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Coakley supports bill banning for-profit schools from advertising with federal funds

Mass. Attorney General Martha Coakley announced official support for proposed legislation prohibiting for-profit colleges and universities from using federal funding for advertising, marketing and recruiting, according to a Monday press release.

However, the bill will have little effect on Boston University, as BU’s default rate is significantly lower than the national average and as BU is not a for-profit college, said BU spokesman Colin Riley.

“As long as the federal government continues to provide important and necessary aid for students in quality programs such as Boston University, there shouldn’t be any issue,” Riley said. “Boston University spends little on recruiting and advertising, and certainly nothing to correspond to for-profit colleges.”

The bill, known as the Protecting Financial Aid for Students and Taxpayers Act, was reintroduced to Congress March 12 and, while sitting in committee, has gained the support of Coakley and 12 other attorney generals across the country.

Coakley said in the Monday release the legislation would ensure scarce federal education dollars are used to educate students rather than to finance marketing campaigns and recruitment operations.

“Our office has seen firsthand how students seeking a better life through higher education can sometimes find themselves heavily in debt with few opportunities, all because they signed up after an aggressive sales pitch from a for-profit school,” she said.

U.S. Sen. Tom Harkins of Iowa, who sponsored the bill, is the chairman of the Senate Committee on Health, Education, Labor and Pensions and released a study July 30 on for-profit colleges.

Some for-profit colleges use up to 30 percent of their revenue, which on average is comprised of 86 percent federal aid money, on advertising and recruiting, according to the study.

“These are federal financial aid dollars, and so it’s about ensuring that federal dollars are use for education and that they are not for marketing and recruiting,” said Allison Prince, a press representative for Sen. Harkins. “It’s about students getting the biggest bang for their buck and ensuring that taxpayers’ money goes toward what it’s meant to go toward.”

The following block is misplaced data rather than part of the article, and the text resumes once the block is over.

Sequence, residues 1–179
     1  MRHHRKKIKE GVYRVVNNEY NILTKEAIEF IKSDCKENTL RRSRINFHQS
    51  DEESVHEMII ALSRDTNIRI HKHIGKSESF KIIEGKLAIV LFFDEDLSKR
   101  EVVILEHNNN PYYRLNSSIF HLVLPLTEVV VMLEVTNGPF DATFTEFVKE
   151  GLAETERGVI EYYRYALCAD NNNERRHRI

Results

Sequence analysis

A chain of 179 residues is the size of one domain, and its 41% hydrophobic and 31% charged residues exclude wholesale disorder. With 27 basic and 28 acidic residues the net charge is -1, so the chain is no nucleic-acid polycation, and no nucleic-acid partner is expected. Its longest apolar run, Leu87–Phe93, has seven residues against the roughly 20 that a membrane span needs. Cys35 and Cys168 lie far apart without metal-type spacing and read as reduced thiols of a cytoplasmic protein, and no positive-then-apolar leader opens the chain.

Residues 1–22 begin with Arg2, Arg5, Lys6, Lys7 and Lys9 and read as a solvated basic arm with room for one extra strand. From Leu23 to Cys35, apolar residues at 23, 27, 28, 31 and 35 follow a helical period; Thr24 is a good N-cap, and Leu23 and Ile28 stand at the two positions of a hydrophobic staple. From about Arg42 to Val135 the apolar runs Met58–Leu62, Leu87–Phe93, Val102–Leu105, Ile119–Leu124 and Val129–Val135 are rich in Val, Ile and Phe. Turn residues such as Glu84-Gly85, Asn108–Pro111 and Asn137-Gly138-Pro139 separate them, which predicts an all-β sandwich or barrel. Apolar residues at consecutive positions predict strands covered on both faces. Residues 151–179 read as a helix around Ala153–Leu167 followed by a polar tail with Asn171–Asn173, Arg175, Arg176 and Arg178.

Another concern was the high default rate among for-profit colleges, according to the study.

“The national average of default rate is around 13 percent,” Riley said. “The people making the bill want to address … making sure that federal funds go to eligible people and programs that are going to ensure that students use it wisely and ultimately graduate, and then that they are able to repay their loans so that they do not default.”
Riley said BU’s default rate is about 1.5 percent.

For-profit colleges have an average default rate of 22.7 percent, which is almost double the national average, according to Harkins’s study. The study found these defaults account for more than half of all federal student loan defaults in the country, despite for-profit universities enrolling less than one-third of students in the country.

Several BU students said federal money should go toward students at institutes of higher learning.

Nicole Miranda, a School of Management sophomore, said federal funding should only be put toward academic necessities.

“The money should be put towards education more, not toward frivolous things,” she said. “They should put it toward getting good teachers and paying for students’ education.”

College of General Studies sophomore Lauren Henry said advertising plays an important role for colleges.

“Advertising is such a big thing and if less money was spent on it, then BU might not get all the publicity it needs to get students here,” she said.

Evan Linsey, a College of Arts and Sciences freshman, said the act will ensure federal funds are put directly toward education.

“It [the act] seems fair and that should level the playing field,” he said. “Being a taxpayer, I don’t want my money to go to recruiting or anything that is not going to benefit me directly or indirectly.”

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